Deputy Jackie Cahill
Fianna Fáil Spokesperson on Food and Horticulture, Jackie Cahill has said Irish farming faces destruction unless the Government intervenes to deal with the growing lack of fodder on Irish farmers.
“I don’t make this prediction lightly but the situation is stark for farmers, and I don’t see anything on the horizon that will limit the risk to animals and farmers.
“We have been in an extended fodder crisis for nearly six months. Recent wet weather and now an extended warm weather period has both depleted current stocks and reduced the ability of farmers to save fodder for the coming winter.
“Minister Creed has been sleepwalking from one crisis to another in his department over the past 12 months. He seems either ignorant of the challenges or unwilling to do anything about them.
“However, there are things that can be done to deal with both the immediate challenges and to prepare for the coming winter and spring period. We need flexibility from the Government. The current supply of feed is being used up at an extraordinary rate, and if something isn’t done, animals will suffer and farmers will lose their livelihoods.
“There are five things that I, and Fianna Fáil, believe must happen immediately:
1. The Department must incentivise tillage farmers to grow catch crops such as kale and turnips rather than planting more winter cereals. This will deliver more food for animals later in 2018.
2. Extend the deadlines for the spreading of chemical fertilisers and slurry to allow grass to keep growing and for farmers to keep animals out longer.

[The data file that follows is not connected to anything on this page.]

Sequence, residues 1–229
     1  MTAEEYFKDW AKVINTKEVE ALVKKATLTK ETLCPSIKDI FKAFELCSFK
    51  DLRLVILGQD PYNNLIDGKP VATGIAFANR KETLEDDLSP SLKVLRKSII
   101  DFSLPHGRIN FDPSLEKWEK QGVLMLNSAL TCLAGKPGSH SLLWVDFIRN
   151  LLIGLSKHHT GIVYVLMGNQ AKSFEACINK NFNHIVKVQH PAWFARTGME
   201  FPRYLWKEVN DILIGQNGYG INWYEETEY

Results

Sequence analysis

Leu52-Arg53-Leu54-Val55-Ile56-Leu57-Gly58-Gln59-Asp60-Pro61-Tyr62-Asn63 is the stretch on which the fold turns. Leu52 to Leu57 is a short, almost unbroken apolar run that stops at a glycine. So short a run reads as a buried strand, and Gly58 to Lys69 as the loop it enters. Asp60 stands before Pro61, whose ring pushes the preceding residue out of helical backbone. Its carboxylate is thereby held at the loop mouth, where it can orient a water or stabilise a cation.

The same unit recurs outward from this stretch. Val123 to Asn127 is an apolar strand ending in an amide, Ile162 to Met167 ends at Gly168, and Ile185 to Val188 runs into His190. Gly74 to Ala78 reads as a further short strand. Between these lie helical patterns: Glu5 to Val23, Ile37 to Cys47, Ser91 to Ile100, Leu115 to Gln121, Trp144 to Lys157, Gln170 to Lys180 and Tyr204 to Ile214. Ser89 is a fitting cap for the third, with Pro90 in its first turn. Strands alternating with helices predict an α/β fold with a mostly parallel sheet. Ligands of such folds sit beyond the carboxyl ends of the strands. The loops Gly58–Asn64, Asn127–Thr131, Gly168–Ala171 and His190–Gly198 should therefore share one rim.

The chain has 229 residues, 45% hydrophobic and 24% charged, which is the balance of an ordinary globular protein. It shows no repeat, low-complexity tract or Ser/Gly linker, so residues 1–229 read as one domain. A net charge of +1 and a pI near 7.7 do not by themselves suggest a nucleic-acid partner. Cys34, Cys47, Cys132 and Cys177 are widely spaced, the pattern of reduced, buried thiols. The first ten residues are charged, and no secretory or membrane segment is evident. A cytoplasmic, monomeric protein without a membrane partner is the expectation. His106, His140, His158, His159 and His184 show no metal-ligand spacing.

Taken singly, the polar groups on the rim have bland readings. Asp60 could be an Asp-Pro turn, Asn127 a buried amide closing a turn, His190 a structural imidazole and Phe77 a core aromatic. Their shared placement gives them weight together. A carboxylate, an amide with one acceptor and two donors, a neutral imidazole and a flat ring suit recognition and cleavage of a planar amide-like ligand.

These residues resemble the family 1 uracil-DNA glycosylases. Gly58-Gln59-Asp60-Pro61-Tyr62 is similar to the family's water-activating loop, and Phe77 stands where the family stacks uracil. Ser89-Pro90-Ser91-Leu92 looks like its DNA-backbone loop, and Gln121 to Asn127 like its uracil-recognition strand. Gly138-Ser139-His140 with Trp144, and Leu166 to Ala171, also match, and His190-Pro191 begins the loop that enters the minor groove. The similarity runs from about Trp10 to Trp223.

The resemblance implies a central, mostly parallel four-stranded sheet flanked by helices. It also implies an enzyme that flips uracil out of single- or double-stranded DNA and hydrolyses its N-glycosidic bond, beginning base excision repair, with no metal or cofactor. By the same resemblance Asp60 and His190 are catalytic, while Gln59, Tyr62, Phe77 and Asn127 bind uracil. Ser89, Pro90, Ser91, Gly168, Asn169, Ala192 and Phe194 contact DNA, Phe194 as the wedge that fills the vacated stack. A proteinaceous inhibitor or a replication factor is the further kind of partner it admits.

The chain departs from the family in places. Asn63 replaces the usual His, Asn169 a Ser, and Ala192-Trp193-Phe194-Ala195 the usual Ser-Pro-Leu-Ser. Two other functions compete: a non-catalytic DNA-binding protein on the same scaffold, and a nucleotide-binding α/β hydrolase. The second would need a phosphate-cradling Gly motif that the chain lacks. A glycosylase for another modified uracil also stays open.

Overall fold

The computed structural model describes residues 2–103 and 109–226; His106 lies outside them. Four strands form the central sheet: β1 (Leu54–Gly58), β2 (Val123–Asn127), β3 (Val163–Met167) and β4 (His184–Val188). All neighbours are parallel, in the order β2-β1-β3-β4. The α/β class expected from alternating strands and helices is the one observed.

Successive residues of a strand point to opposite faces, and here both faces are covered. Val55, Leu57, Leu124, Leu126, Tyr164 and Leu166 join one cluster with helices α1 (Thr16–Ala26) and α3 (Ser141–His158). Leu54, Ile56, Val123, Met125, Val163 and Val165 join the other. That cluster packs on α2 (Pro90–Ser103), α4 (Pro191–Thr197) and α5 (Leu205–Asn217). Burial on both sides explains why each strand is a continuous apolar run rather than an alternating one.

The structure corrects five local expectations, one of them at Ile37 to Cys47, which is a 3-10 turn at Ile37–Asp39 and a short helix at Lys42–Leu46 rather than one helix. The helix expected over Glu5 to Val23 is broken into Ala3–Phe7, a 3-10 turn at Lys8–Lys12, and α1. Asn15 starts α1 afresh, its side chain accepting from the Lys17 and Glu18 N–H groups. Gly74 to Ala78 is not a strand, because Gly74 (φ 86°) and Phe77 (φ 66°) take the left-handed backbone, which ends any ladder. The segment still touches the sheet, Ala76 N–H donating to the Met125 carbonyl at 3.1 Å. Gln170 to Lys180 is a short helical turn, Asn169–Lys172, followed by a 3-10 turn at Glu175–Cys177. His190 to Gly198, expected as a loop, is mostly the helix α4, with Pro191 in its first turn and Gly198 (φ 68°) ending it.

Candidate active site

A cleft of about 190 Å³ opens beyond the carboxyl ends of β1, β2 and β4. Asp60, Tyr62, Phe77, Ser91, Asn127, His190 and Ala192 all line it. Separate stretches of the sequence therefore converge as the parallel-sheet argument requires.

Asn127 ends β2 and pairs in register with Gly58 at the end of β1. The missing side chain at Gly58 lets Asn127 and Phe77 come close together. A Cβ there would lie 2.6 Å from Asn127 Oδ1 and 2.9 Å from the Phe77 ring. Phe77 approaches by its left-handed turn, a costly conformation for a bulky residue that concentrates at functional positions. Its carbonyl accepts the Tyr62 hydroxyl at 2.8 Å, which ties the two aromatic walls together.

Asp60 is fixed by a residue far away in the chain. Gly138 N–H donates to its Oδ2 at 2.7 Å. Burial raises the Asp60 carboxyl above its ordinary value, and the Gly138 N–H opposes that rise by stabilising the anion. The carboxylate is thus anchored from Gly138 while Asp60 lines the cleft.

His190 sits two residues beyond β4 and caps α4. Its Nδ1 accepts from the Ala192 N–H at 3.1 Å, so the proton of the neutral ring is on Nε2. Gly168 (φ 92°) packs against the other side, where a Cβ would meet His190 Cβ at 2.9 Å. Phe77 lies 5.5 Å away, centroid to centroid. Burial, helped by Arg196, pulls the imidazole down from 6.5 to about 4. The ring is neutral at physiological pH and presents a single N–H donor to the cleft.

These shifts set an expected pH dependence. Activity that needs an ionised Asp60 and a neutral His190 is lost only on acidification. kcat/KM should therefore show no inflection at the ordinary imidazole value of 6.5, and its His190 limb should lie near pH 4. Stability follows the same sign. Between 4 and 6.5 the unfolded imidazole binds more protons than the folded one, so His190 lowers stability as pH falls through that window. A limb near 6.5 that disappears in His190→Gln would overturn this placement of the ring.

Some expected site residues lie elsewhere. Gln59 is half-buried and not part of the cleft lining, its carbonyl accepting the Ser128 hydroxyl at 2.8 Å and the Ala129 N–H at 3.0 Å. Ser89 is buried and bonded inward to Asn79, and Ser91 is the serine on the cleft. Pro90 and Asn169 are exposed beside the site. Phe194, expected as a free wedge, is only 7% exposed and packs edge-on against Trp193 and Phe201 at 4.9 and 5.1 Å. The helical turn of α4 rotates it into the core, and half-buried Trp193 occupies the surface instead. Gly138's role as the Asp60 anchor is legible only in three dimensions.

3. Start importing and storing fodder from overseas to prepare for winter and spring. Waiting till later in the year will only see farmers paying higher prices.
4. The Minister must seek to open new markets for 18 month plus beef. These animals should be finished off indoors but there is a worry that there won’t be the feed needed.
5. Roll out the low-cost credit facilities promised by Minister Creed in Budget 2018 this year. Farmers’ cash flow is already under severe pressure, and low-cost credit is critical to helping this survive
“Additionally, to ensure fairness, factories must be monitored to ensure fair pricing for farmers. I have already heard of farmers being offered reduced prices for beef.
“There simply isn’t enough feed in the country for our animals. Most farmers would be replenishing their fodder stocks for next winter, but there are burning through whatever they have just to keep their animals alive. With little to no grass growth, it’s unlikely that any more fodder will be stored up.
“We have one chance to prepare for next winter and spring. Minister Creed must do what is needed and what is necessary to prepare for the looming emergency. Anything else will leave farmers high and dry,” concluded Cahill.